Synchron aims to treat conditions like paralysis by inserting its Stentrode implant in human brains. Similar to Neuralink, which also plans to use implanted devices to help treat paralysis and similar conditions.
- Max Hodak, who left Neuralink last year, has invested in Synchron and joined its advisory board
Saying that the company’s technology could benefit tens of millions of patients.
Unlike Neuralink, whose device will be implanted by drilling into skulls, Synchron to implant its device via blood vessels, which Hodak called “a different, really quite elegant idea.”
Synchron has already tried the Stentrode in four patients and has received Food and Drug Administration (FDA) permission to launch a clinical trial.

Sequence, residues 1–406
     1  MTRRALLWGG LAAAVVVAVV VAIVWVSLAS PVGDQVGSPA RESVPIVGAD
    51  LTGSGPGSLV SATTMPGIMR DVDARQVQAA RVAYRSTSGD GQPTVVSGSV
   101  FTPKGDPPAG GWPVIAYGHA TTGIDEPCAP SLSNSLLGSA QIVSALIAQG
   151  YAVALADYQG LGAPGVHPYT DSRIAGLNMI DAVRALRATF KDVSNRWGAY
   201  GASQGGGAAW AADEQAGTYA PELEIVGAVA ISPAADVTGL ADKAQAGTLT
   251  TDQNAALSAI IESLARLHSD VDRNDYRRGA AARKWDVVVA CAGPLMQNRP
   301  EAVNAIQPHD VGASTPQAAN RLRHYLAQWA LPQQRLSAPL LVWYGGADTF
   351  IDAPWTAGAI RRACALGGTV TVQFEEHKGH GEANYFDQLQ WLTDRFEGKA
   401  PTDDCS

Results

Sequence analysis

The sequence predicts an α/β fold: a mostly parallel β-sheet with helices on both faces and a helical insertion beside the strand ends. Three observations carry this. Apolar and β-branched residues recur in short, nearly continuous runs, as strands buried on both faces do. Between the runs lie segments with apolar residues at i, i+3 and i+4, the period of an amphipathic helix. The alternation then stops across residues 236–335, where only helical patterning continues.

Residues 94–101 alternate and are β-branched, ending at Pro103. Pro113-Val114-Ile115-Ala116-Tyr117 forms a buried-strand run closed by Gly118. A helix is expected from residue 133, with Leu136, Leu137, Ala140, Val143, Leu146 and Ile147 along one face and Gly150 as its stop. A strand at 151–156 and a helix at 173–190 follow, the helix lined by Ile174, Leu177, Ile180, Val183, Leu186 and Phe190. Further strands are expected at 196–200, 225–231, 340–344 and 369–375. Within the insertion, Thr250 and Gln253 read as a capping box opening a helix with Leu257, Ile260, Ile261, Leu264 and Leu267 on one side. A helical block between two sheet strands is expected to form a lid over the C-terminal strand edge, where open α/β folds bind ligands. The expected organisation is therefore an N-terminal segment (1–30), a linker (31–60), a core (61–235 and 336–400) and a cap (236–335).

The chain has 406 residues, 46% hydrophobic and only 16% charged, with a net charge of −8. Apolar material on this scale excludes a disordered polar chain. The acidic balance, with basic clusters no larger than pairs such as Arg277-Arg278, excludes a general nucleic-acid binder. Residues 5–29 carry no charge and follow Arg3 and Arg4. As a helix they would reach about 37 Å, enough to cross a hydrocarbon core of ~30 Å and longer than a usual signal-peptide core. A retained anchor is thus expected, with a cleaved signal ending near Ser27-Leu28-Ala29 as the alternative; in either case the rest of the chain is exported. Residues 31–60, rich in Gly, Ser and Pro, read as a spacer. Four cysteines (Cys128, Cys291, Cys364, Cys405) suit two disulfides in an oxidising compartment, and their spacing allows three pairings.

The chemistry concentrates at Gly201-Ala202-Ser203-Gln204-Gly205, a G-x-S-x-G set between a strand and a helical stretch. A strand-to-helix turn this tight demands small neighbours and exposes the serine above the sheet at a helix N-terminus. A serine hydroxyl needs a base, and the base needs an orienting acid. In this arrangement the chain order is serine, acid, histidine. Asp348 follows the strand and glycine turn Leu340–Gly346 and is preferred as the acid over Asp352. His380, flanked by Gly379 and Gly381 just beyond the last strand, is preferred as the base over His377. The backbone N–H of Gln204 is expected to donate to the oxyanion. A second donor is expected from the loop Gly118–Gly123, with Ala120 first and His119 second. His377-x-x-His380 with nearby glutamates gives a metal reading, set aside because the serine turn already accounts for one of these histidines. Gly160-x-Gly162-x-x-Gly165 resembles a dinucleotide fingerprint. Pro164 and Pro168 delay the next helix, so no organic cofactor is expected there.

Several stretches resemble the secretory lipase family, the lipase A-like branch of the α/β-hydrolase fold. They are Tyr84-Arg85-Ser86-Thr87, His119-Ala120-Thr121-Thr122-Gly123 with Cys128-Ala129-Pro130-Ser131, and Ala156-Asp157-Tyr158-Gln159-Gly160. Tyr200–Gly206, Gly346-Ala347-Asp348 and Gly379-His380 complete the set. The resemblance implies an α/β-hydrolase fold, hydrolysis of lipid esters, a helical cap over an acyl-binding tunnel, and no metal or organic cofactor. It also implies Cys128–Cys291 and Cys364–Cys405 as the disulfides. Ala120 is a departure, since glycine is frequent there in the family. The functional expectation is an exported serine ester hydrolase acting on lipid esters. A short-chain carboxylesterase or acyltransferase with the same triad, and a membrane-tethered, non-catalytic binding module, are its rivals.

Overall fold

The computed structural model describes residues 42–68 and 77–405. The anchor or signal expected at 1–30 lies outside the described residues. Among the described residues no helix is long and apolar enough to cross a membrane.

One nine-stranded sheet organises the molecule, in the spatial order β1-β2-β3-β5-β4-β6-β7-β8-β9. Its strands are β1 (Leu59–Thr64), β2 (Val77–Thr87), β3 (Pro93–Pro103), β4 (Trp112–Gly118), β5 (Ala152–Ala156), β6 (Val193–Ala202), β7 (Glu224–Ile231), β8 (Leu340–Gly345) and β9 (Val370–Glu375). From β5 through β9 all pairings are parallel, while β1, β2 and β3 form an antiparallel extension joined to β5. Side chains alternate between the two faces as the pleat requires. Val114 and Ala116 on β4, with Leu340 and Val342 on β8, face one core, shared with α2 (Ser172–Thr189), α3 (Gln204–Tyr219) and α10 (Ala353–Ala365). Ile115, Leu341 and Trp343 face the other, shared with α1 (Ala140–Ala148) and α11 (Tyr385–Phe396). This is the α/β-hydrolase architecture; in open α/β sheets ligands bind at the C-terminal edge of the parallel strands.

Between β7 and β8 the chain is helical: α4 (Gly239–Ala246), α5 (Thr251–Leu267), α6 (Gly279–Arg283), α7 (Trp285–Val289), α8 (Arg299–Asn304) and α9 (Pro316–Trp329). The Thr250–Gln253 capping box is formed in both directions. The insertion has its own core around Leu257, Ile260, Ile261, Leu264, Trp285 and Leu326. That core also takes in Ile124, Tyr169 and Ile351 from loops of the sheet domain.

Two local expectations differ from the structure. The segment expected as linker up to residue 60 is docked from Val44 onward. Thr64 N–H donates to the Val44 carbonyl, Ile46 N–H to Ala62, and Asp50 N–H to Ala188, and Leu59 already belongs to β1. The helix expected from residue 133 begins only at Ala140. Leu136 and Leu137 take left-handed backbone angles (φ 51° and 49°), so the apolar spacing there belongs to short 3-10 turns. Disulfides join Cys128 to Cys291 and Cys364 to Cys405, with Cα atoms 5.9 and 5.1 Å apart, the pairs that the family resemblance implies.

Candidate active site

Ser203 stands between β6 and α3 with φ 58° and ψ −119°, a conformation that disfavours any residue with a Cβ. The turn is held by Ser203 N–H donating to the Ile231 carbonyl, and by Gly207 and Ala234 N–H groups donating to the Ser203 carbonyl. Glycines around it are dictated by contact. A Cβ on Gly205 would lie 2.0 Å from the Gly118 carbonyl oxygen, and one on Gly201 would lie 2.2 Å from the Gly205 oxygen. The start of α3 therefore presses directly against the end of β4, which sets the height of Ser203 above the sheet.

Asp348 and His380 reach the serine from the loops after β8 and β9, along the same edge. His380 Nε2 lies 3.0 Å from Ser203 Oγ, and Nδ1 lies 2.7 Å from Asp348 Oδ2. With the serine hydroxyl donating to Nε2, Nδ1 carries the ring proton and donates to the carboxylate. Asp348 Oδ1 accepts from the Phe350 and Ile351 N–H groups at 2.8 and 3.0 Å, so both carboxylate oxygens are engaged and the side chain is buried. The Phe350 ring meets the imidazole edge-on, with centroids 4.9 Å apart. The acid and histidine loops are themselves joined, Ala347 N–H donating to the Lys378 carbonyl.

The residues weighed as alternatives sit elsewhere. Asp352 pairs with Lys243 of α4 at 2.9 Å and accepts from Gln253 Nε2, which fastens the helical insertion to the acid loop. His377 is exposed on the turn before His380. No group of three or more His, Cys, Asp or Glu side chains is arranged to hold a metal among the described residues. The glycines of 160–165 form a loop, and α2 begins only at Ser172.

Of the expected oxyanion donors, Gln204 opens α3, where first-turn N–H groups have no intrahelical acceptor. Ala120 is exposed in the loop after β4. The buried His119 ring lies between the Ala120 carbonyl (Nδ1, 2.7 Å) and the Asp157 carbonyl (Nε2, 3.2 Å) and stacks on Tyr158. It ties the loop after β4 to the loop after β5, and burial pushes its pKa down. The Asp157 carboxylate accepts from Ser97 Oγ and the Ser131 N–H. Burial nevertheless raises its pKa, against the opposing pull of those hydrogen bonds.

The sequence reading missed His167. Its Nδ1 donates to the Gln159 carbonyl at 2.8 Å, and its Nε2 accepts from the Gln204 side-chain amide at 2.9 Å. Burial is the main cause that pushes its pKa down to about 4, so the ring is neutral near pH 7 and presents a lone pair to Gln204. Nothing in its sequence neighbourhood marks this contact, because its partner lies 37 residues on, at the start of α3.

— Thomas Oxley (@tomoxl) December 23, 2021
Brain computer interfaces have become a hot investor area.
Neuralink, which raised $205 million last year, is the best-capitalized, but plenty of others exist, like Paradromics Inc. and Precision Corp., as well as Synchron.
Hodak became president of Neuralink in 2017. When he left, “it wasn’t my choice,” he wrote in his post.
“There was a lot left there I still wanted to do.
“I really don’t want this to be construed as a knock on Neuralink,” Hodak said in an email, bloomberg reports, adding that he has not sold any of his Neuralink stock.